Chargers and AFC West in 2010


It’s about time for some honesty. Not the Cherry Tree or Honest Abe kind, but the kind Norv Turner has been talking about for three years now; some defensive honesty. From the opposing defense that is.

For the last two years, too many of the defenses the Bolts have faced moved an extra defensive back into the secondary to replace the standard linebacker, and used the extra back to crowd Jackson, Gates, and Floyd and fill potential passing lanes. The Chargers haven’t given opposing teams much of a reason to play the run game honest, finishing last season ranked number 31 out of 32 teams in rushing production. Lacking a feature back that could command defensive honesty put more pressure on Rivers to produce.

Herein lies San Diego salvation: Phillip Rivers and Ryan Mathews. The fact that Rivers’ 8.8 yards per attempt last year without a feature back who could keep a defense honest, and Mathews who has posted a spectacular 4.9 yard per attempt so far in preseason games without starting left tackle Marcus McNeill, opposing teams will have to play straight up and not cheat one way or the other. Though stats by themselves can’t account for the back and forth of a hard-hitting NFL season, they are the best indicator of future performance we have, and a look at this fact is staggering; combine Rivers’ per throw average with Mathews’ per rush average and you get a fantastical 6.85 yard per play average! I hope you read that right, PER PLAY AVERAGE!

A fair bet for the chargers this season is a 12-4 record, good enough for a playoff birth and a possible first round bye.

A look at the other AFC West teams:

Chiefs: it’s a difficult thing to lay the groundwork needed to build a winning franchise and the Chiefs have done a great job in the last two years to do just that. With Todd Haley as head coach, Romeo Crennel, and Charlie Weis game planning, the preparation will be sound game-in and game-out and ready to put the product on the field. The product to build around is Matt Cassel, Jamaal Charles, Dwayne Bowe, and rookie safety Eric Berry. As solid a core group of young payers as any in the league, the Chiefs are still two years away from threatening a run at AFC West champs. Prediction; 6-10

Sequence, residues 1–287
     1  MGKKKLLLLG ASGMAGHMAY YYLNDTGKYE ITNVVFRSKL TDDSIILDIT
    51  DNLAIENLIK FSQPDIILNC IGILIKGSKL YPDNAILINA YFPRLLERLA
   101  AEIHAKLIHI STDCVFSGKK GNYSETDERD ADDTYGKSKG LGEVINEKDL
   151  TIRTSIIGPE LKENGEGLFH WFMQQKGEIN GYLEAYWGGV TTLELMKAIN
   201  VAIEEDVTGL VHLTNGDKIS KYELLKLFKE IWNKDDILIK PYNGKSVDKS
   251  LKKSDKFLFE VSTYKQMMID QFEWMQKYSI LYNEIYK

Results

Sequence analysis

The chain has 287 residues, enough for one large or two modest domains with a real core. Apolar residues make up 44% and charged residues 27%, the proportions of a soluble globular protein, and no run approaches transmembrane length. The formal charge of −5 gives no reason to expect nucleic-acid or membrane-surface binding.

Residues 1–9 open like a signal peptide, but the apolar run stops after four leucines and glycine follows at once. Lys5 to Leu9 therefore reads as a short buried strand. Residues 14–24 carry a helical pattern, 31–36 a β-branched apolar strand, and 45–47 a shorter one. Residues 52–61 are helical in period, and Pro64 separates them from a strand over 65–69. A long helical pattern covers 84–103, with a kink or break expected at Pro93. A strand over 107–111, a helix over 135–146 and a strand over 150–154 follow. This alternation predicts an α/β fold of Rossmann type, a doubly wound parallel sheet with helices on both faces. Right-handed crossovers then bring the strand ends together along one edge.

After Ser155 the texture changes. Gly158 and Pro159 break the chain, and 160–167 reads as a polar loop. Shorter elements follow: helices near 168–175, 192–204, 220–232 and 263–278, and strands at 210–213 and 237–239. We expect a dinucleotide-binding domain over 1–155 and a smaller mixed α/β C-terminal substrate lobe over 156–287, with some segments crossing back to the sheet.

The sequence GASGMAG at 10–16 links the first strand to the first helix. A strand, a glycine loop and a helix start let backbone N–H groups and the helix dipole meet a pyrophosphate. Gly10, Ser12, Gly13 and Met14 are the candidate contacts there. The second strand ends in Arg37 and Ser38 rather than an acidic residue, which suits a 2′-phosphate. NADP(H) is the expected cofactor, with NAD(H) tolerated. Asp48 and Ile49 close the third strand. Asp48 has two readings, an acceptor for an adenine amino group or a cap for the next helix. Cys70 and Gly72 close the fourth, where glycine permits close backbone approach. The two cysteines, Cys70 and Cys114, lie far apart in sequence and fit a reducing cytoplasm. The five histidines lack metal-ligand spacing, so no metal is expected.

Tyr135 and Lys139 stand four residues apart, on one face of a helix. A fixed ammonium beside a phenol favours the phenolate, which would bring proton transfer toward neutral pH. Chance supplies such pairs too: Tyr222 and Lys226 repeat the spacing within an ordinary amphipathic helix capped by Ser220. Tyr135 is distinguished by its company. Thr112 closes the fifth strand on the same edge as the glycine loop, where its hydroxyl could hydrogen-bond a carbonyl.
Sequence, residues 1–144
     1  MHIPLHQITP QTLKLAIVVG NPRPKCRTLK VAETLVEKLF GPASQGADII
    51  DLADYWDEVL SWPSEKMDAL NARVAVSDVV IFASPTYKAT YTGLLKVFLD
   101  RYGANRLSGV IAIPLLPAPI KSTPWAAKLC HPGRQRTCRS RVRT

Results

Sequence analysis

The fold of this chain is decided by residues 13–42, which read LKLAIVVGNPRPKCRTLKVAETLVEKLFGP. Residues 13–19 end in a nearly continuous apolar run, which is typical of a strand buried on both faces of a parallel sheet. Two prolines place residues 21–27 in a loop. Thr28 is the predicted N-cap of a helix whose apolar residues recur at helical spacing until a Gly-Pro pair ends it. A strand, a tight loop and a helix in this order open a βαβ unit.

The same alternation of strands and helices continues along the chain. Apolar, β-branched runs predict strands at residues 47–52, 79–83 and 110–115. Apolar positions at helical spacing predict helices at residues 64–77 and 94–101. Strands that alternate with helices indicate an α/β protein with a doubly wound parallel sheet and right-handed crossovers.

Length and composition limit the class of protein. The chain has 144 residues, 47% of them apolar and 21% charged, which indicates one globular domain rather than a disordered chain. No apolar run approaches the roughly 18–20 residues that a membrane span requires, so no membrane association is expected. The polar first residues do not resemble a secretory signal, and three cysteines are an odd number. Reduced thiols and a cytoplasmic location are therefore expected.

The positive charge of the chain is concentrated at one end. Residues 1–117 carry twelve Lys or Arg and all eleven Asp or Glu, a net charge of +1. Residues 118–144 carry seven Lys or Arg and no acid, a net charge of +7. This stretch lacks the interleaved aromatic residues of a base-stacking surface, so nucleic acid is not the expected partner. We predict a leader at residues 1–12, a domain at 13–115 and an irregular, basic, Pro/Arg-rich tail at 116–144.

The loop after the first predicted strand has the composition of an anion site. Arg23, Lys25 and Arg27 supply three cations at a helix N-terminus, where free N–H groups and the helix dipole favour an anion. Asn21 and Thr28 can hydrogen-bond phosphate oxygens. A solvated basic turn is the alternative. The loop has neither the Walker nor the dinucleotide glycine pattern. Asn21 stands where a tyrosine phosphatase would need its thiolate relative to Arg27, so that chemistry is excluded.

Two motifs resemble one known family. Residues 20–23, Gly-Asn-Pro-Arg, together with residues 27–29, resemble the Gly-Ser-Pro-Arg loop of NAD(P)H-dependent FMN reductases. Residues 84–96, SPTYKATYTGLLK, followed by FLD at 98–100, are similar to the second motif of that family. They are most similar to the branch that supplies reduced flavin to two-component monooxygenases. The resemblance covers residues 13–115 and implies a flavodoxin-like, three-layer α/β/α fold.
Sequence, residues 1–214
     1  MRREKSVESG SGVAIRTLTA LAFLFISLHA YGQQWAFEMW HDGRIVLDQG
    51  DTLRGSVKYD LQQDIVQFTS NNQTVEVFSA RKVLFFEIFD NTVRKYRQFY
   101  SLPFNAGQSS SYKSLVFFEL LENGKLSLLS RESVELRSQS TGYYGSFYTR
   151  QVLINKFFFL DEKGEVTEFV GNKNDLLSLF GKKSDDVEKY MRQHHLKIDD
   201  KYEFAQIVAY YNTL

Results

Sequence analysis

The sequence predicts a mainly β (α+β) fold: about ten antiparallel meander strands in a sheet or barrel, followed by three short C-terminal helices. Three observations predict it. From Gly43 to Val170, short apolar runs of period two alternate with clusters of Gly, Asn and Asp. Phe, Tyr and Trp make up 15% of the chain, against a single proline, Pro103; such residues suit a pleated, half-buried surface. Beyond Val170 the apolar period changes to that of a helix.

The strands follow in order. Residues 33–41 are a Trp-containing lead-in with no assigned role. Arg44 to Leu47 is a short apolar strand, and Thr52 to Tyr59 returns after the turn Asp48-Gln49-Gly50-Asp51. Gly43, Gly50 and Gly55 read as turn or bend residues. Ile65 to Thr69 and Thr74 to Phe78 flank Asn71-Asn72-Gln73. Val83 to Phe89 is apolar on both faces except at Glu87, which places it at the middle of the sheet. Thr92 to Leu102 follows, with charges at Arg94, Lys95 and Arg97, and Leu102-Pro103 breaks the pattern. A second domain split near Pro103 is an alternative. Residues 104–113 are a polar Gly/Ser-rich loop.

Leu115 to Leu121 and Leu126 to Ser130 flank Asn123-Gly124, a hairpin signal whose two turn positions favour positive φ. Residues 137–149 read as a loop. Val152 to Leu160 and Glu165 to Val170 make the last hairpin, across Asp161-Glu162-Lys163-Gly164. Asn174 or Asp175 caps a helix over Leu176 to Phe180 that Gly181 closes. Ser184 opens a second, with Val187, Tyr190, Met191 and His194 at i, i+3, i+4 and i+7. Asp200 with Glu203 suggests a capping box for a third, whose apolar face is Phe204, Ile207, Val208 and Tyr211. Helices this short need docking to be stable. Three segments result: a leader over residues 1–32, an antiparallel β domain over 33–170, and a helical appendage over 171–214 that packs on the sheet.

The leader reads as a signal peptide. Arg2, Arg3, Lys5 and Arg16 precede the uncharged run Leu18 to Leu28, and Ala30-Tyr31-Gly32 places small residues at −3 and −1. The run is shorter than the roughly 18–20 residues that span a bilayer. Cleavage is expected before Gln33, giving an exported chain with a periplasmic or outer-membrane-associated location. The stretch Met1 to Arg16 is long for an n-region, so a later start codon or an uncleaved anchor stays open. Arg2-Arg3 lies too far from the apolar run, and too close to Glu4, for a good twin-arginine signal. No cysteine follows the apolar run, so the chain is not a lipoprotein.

Raiders: an upgrade at quarterback with Jason Campbell, and a potentially lethal defensive line, makes the Raiders better than the last three years, but not stable enough for the consistent play needed to succeed in the NFL. If Heyward-Bey and Louis Murphy have solid years, look for the Raiders to win at least five games

Broncos: even if Ryan Clady can start by the first game of the season, that type of injury lingers and he wont be 100% until December. Kyle Orton is a competent quarterback but won’t be as productive without Brandon Marshall as a target. McDaniels is a solid head coach, a winner by nature, but the pieces just aren’t in place for a winning season. To sum up Denver’s chances: no Dumervil, no chance. 5-11

That’s right, Oakland may not be the basement of the AFC West any longer, but will duke it at with Denver.

The question to ask is not if the Chargers can get to the playoffs but can they succeed once there. Without McNeill and Jackson lining up by December, it’s hard to see them getting past the AFC championship game. Jackson is a good receiver, perhaps even very good, but Rivers doesn’t need him for the offense to move the way he wants it too (Yup, Rivers is that good); without McNeill though, a Lombardi is out of the question. Rivers can make any receiver better, and read defensive schemes as quick as any quarterback in the league, but unless his blindside is protected, the teams they’ll see in the playoffs will make them pay. This just might be the best chance at a Super Bowl run since 1994, and could vindicate coach Turner and his search for his elusive honesty.